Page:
It was still extremely dangerous work, and a lot of daring young pilots lost their lives flying the mail. But by 1925 airmail planes were crisscrossing the country day and night, and there was tremendous pressure on Congress to turn the system over to private companies. The railroads were complaining loudly that they could not afford to compete with the government-owned operation. And the Post Office was itself heavily burdened by running a vast airline network.
Then Congress passed the Air Mail Act of 2 February 1925, also called the Kelly Act, "to encourage commercial aviation and to authorise the Postmaster General to contract for the mail service."
The Post Office would pay private operators to transport the mail, and for the first time in history there was real money to be made flying airplanes. Commercial aviation in the United States was born.
Of the many Contract Air Mail routes that were created, none was less appealing than CAM 5. It stretched from the small town of Pasco in eastern Washington state through Boise, Idaho, to Elko, Nevada - a 460-mile run "from nowhere to nowhere" over barren, high desert and blizzard-blasted mountains.
There was logic behind the difficult route. Pasco was a rail center, roughly equidistant from Portland, Seattle, and Spokane. Mail trains leaving those cities in the evening arrived in Pasco early the next morning. There, mail would be transferred to the contract mail carrier and then flown through Boise and on to Elko, where it was exchanged with mail coming to the Northwest on Post Office planes flying across the Main Line.
After carefully studying the various mail routes, Walter T Varney, a flight school and air taxi service operator from San Francisco, concluded that CAM 5 was so uninviting that no one else would want it. He was right. His bid of eight cents per ounce was the only one submitted.
Varney bought six small Swallow biplanes able to accommodate one pilot and 600 pounds of mail each. The airplanes arrived unassembled at the new Boise Airport where Varney's chief pilot, Leon "Lee" Cuddeback - a former instructor at the flight school - and his mechanics put them together. Cuddeback's hangar had been erected not long before as part of a forward-thinking municipal project. The airport was about to bring Boise into the aviation age.
They had three of the Swallows airworthy, and Cuddeback was in the hangar helping to assemble the fourth late on the afternoon of 6 April 1926, when a telegram arrived. It was bad news. Earlier that day two Varney pilots (one scrunched in the mail pit) had taken off in a Swallow to position the aircraft in Pasco. A forced landing broke both pilots' noses and the two airmen were in the hospital.
The timing could not have been worse. Varney's airmail service was scheduled to begin the following day. Cuddeback had no choice. He got in another Swallow and took off for Pasco, 280 miles to the northwest on the other side of the Blue Mountains. It was dark by the time the 27-year-old airman arrived - fortunately, resourceful locals had lined their cars along the runway's edges and turned on their headlights.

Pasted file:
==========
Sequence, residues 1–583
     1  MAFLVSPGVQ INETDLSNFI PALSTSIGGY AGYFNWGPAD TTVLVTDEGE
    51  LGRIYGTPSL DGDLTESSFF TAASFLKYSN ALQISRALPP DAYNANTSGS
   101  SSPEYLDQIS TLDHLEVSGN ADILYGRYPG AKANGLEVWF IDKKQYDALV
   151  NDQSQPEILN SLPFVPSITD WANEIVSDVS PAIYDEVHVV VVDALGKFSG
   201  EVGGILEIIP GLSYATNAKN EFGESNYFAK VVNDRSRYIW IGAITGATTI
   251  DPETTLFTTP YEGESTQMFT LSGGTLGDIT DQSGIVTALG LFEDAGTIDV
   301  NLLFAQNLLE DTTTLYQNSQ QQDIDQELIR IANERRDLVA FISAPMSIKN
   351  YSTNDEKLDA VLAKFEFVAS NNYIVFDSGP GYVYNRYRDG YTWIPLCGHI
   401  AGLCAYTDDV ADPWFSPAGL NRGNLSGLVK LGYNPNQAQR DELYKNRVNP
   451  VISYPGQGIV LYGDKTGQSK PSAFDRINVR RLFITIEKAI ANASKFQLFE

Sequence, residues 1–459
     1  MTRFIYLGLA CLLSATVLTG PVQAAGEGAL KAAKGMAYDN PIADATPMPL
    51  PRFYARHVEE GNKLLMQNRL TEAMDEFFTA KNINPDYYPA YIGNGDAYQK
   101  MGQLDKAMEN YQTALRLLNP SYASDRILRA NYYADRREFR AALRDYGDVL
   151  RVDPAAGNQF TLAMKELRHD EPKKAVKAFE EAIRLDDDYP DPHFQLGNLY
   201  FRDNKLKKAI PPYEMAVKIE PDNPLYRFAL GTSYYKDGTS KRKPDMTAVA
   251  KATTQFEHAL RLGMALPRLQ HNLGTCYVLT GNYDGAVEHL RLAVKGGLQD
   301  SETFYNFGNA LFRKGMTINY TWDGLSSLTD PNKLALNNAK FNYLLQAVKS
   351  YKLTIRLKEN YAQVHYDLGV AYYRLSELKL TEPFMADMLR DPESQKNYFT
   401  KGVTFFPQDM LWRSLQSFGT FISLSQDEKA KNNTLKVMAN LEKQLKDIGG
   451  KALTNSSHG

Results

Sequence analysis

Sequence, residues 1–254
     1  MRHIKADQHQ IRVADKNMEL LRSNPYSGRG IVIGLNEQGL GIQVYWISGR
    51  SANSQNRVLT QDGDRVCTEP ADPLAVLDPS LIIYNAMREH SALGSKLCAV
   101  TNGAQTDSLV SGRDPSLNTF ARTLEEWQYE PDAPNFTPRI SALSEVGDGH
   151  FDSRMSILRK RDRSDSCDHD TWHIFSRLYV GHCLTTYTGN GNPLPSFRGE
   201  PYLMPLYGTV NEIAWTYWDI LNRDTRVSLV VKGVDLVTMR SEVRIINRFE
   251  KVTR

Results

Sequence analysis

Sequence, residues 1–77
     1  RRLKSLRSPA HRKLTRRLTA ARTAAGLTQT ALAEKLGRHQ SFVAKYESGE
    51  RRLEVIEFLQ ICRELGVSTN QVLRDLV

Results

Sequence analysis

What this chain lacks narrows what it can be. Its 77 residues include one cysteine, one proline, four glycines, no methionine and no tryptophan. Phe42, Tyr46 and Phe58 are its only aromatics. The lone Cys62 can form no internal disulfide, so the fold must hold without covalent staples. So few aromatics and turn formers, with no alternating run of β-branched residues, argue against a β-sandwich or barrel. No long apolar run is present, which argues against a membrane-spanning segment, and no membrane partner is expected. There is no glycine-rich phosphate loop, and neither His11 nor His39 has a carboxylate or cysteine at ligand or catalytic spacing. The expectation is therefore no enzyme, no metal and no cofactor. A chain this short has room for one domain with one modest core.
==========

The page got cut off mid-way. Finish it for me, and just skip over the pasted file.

After a few hours of sleep, Cuddeback downed some coffee and returned to the airport oblivious to the significance of what he was about to do: pilot the first contract mail flight in the Northwest. The importance wasn't lost on others. When he reached the airport at 5:30 am, Cuddeback was shocked to find reporters, photographers, postal officials, and 2,500 onlookers.
Cheers filled the morning air as a stagecoach pulled by a team of six horses arrived to trans£er 9,285 pieces of mail weighing a total of 200 pounds. Finally, after 20 minutes of trying, the balky Curtiss K6 engine caught and Cuddeback roared off for Boise. Once en route and free of the morning's tension and unexpected spectacle, Cuddeback realised he hadn't used a restroom in Pasco and now the coffee was having its effect. He made a perfect three-point landing in Boise at 10 am. As he rumbled up to the company hangar, he was dismayed to see another crowd as boisterous as the one he'd left in Pasco. More photographers, more officials, more speeches, more discomfort. He loaded more mail and a special express package from the local American Legion - two prize Idaho potatoes addressed to President Coolidge in Washington, DC.
Cuddeback didn't get a moment alone during his stop in Boise, and by the time he took off for Elko at 10:55 he was ready to burst. Predictably, another crowd waited at the next airport, but Cuddeback was less anxious about these ceremonies. (He later revealed that en route to Elko he used one of his gauntlet-like flying gloves for an unorthodox but urgent matter. The glove was discarded over the side and Cuddeback arrived at Elko much relieved.)